Hearing Health Blog

Woman holding ear because her hearing aid isn't working.

You just exchanged the batteries, but your hearing aids still don’t sound right. Things just don’t sound right, like they’re a little bit dull and far away. It seems like some of the sound isn’t there. When you try to diagnose the issue with a simple Google search, the most likely solution seems like a low battery. Which annoys you because you charge the batteries every night.

But here you are with some friends and you can’t really hear their discussion. You got hearing aids to avoid this exact circumstance. You might want to check out one more possibility before you get too aggravated about your hearing aids: earwax.

A Residence in Your Ears

Your ears are where your hearing aids reside under typical circumstances. Even when you wear an over-the-ear model, there’s at least contact with your ear canal. Other versions are designed to be placed inside the ear canal for optimal efficiency. Earwax will be an ever-present neighbor no matter where your hearing aid is situated.

A Shield Against Earwax

Now, earwax does some important things for the health of your ears (numerous studies have shown that earwax ,in fact, has anti-fungal and antibacterial qualities that can help ward off many infections). So earwax isn’t a negative thing.

But the interaction between hearing aids and earwax isn’t always so good–earwax moisture, particularly, can hinder the normal function of hearing aids. The good thing is, that earwax is predictable and manufacturers are well mindful of it.

So modern hearing aids have safeguards, called wax guards, created to prevent earwax from impacting the normal performance of your device. And those wax guards could be what’s causing the “weak” sound.

Things to Know About Wax Guards

There is a tiny piece of technology in your hearing aid called a wax guard. Wax can’t go through but sound can. In order for your hearing aid to keep working efficiently, a wax guard is crucial. But problems can be caused by the wax guard itself in some situations:

  • It’s been too long since the wax guard has been replaced: Like any other filter, sooner or later the wax guard will no longer be able to properly perform its task. There’s only so much cleaning you can do to a wax guard! When cleaning no longer does the trick, you may have to change your wax guard (so that you can make this easier, you can buy a toolkit made specially for this).
  • You’ve replaced your wax guard with the incorrect model: Each model and maker has a different wax guard. Sound that is “weak” can be the outcome if you get the wrong wax guard for your model.
  • Your hearing aid shell needs to be cleaned: When you’re changing your earwax guard, it’s essential that your hearing aid shell be correctly cleaned also. If earwax is clogging your hearing aid, it’s feasible, while you’re changing the wax guard, some of the earwax gets into the interior of the hearing aid (and, obviously, this would hamper the function of the hearing aid).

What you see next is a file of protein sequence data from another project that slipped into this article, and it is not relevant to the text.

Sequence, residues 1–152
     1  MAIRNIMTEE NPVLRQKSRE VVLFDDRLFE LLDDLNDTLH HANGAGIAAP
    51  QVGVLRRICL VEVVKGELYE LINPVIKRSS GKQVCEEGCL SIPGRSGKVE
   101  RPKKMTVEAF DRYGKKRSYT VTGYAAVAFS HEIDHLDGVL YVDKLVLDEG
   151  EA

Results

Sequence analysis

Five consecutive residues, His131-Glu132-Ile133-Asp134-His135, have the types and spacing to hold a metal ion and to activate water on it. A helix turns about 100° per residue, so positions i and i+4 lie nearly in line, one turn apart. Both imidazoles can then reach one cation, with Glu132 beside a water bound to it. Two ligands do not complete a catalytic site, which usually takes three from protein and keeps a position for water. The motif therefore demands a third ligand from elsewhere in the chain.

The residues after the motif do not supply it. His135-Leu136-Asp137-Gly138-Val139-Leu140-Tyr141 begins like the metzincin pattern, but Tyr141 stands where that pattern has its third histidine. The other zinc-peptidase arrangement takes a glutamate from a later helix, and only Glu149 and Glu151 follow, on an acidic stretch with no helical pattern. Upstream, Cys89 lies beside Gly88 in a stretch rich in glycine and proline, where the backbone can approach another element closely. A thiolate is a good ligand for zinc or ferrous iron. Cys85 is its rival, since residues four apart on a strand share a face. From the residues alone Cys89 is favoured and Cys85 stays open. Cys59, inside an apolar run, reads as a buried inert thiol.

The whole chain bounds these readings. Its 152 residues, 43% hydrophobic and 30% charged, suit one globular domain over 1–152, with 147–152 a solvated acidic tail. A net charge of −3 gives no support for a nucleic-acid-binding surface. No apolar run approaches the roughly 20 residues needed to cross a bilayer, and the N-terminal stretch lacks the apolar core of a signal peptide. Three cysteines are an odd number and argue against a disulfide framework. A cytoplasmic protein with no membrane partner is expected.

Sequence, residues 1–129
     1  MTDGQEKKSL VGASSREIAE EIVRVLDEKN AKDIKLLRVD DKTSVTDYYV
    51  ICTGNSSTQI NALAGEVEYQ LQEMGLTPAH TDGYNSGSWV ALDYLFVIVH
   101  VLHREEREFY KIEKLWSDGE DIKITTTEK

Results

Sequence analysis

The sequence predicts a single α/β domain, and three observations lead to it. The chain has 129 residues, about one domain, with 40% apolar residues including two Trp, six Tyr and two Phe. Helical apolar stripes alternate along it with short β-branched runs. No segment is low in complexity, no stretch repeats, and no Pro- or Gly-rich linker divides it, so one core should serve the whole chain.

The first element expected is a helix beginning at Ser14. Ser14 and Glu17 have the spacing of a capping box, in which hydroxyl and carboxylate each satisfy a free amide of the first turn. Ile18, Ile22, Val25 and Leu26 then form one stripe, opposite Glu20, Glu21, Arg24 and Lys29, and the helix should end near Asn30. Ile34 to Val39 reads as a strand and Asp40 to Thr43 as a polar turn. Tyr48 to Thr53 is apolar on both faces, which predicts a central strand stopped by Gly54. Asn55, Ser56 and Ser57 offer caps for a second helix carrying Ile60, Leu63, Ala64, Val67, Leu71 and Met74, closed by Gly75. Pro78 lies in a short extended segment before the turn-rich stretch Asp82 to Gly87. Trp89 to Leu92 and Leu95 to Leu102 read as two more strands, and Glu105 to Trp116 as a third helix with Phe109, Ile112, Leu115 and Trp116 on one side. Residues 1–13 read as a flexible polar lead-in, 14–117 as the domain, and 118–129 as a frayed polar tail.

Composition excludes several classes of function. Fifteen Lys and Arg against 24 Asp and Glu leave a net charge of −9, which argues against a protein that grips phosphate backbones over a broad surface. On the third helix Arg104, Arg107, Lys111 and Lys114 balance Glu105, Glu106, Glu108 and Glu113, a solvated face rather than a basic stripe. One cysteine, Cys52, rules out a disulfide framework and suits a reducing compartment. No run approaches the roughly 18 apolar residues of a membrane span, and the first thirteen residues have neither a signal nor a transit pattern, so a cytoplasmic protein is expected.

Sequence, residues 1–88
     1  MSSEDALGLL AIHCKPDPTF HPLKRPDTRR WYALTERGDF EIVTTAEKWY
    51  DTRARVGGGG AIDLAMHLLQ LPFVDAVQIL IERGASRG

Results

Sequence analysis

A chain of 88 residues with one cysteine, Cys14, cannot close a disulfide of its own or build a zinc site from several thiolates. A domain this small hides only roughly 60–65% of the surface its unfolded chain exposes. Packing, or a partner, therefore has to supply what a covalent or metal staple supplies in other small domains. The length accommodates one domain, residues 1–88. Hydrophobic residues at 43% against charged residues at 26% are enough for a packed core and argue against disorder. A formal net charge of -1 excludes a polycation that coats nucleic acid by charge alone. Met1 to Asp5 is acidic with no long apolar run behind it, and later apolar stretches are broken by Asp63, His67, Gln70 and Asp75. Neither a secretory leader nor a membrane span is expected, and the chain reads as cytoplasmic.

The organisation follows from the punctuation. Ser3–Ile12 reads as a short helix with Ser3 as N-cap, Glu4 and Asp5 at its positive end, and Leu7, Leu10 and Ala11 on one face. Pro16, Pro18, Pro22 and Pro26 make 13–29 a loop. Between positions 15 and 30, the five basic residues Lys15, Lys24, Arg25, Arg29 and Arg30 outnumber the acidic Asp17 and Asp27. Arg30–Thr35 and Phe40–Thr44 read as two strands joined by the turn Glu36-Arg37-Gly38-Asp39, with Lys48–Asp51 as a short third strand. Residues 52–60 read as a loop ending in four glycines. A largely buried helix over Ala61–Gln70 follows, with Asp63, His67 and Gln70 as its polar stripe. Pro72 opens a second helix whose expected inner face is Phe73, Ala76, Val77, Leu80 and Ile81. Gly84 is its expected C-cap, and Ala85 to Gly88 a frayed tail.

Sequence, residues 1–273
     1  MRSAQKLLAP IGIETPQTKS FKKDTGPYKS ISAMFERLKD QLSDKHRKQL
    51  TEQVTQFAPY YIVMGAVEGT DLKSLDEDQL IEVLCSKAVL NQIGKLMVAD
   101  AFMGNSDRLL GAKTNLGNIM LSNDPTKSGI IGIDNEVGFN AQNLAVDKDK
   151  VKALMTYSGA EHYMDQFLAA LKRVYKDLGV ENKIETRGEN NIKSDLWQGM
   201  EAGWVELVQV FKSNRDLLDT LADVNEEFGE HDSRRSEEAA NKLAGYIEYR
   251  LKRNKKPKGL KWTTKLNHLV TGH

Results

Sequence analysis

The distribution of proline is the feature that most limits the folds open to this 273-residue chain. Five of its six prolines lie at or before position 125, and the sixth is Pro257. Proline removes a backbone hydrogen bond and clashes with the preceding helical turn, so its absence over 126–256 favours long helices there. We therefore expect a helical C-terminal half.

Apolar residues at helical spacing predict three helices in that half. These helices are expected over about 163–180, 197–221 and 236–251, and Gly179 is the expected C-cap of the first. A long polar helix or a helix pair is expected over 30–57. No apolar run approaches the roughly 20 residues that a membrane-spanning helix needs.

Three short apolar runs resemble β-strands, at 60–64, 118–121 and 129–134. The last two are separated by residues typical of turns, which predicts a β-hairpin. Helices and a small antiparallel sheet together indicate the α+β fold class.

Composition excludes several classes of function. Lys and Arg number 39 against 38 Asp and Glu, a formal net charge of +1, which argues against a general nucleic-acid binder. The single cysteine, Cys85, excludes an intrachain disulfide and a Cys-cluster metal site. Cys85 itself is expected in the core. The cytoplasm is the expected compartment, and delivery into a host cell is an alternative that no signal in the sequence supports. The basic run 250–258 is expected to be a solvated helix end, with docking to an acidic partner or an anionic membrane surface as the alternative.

• It’s been too long since the wax guard has been cleaned: Cleaning your wax guard needs to be a monthly (or so) maintenance routine. Much like any filter, a wax guard can ultimately become clogged with the very thing it’s been tasked with eliminating. Every now and then, you’ll have to clean the guard or the wax stuck in it will begin to block sound waves and damage your hearing.
  • You need a professional clean and check: In order to be sure that your hearing aid is working correctly, it needs to be cleaned once a year. And in order to make sure your hearing hasn’t changed at all, you also need to get your hearing tested on a regular basis.

If you get a new hearing aid guard, it will likely come with instructions, so it’s a good plan to follow those instructions the best you can.

After I Switch Out my Earwax Guard

Once you’ve changed over your earwax guard, your hearing aids should start producing clearer sounds. Hearing and following discussions should be much better. And that’s a big relief if you’ve been frustrated with your (fully charged) hearing aid.

There’s undoubtedly a learning curve in regards to maintaining any complex device like hearing aids. So just remember: if your hearing aid sounds weak and your batteries have a full charge, it might be time to replace your earwax guard.

The site information is for educational and informational purposes only and does not constitute medical advice. To receive personalized advice or treatment, schedule an appointment.
Why wait? You don't have to live with hearing loss! Call Us
Call Now